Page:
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A Randomized Multi-Intervention Trial to Inhibit Precancerous Gastric Lesions in Lingu, Shandong Province

This study has been completed.
Sponsor:
Information provided by (Responsible Party):
National Institutes of Health Clinical Center (CC) ( National Cancer Institute (NCI) )
ClinicalTrials.gov Identifier:
NCT00339768
First received: June 19, 2006
Last updated: April 3, 2014
Last verified: February 2014

June 19, 2006
April 3, 2014
May 1995
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Complete list of historical versions of study NCT00339768 on ClinicalTrials.gov Archive Site
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A Randomized Multi-Intervention Trial to Inhibit Precancerous Gastric Lesions in Lingu, Shandong Province
Randomized Multi-Intervention Trial to Inhibit Precancerous Gastric Lesions in Lingu, Shandong Province, China

The Division of Cancer Epidemiology and Genetics is conducting a collaborative randomized multi-intervention trial with the Beijing Institute for Cancer Research to evaluate the etiologic role of Helicobacter pylori, garlic, and certain micronutrients in the multi-step process of gastric carcinogenesis. The primary endpoint will not be cancer, but rather the precancerous lesions severe chronic atrophic gastritis, intestinal metaplasia, and dysplasia. The study is designed to detect a stabilizing or mild decrease in the expected age-related progression of precancerous lesions over the course of the trial. Thus the trial can be considered a study of the potential inhibitors of the process of gastric carcinogenesis. The trial will also provide an evaluation of therapy for H. pylori, including an assessment of reinfection rates, a critical need for formulating strategies for infection control in China and other developing countries. Participating in the trial are approximately 3400 adults aged 35-70 who were part of an ongoing survey of precancerous gastric lesions in 13 Linqu villages in Shandong Province. Linqu appears to be an ideal setting for the trial since stomach cancer rates are among the highes in the world, precancerous gastric lesions are prevalent, and the population is stable and well characterized. These individuals will be randomly assigned (taking H. pylori positivity into account) into 8 intervention groups according to a 2(3) factorial design. The interventions are: 1) initial treatment of H. pylori infection with ameprazole and amoxicillin followed by 2) daily supplementation with a combination of alpha-tocopherol, vitamin C, and selenium; and 3) daily supplementation with garlic extracts. No serious side effects have been seen from any of the interventions to date. The study staff will continue to monitor for possible adverse reactions and the population will receive routine medical care follow-up throughout the course of the trial.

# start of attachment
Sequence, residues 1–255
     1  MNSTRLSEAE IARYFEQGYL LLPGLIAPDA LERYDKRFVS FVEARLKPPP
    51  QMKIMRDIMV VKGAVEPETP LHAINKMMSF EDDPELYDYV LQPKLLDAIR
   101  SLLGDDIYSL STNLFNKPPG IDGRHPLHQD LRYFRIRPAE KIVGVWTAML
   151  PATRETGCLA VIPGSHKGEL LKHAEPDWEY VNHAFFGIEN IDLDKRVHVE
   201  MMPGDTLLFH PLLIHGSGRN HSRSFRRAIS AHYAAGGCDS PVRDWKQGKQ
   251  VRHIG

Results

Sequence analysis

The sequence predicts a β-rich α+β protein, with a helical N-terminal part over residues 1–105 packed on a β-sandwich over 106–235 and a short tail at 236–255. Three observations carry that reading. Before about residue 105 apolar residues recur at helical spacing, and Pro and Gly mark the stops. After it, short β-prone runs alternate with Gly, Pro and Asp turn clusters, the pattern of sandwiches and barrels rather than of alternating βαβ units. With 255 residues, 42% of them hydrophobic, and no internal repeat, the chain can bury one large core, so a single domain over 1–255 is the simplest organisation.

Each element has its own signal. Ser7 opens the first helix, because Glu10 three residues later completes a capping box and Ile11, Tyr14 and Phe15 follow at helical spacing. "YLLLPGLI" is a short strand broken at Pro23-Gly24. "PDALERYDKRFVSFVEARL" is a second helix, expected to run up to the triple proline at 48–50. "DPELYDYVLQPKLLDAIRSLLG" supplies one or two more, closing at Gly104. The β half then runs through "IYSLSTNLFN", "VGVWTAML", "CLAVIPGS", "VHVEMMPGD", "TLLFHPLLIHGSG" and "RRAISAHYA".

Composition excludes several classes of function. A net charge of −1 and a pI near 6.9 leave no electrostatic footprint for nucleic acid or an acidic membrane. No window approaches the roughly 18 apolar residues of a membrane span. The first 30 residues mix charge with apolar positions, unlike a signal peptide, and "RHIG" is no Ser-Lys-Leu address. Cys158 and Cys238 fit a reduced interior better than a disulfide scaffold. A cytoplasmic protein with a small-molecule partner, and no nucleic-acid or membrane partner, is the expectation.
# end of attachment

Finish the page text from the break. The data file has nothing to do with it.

As part of the ongoing study in Linqu, all participants received an endoscopic exam in the fall of 1994. Repeat gastroscopic exams with biopsies at 7 standard gastric sites will be conducted during March to May, 1999 and March to May, 2003 to detect early cancers and to evaluate gasatric mucosal status. The subjects will be categorized according to the most advanced lesions detected in all biopsies and assigned a severity score. The three major endpoints for analysis will be: 1) prevalence of dysplasia or cancer 2) prevalence of sever chronic atrophic gastritis, intestinal metaplasia, dysplasia, or cancer; and 3) average severity score.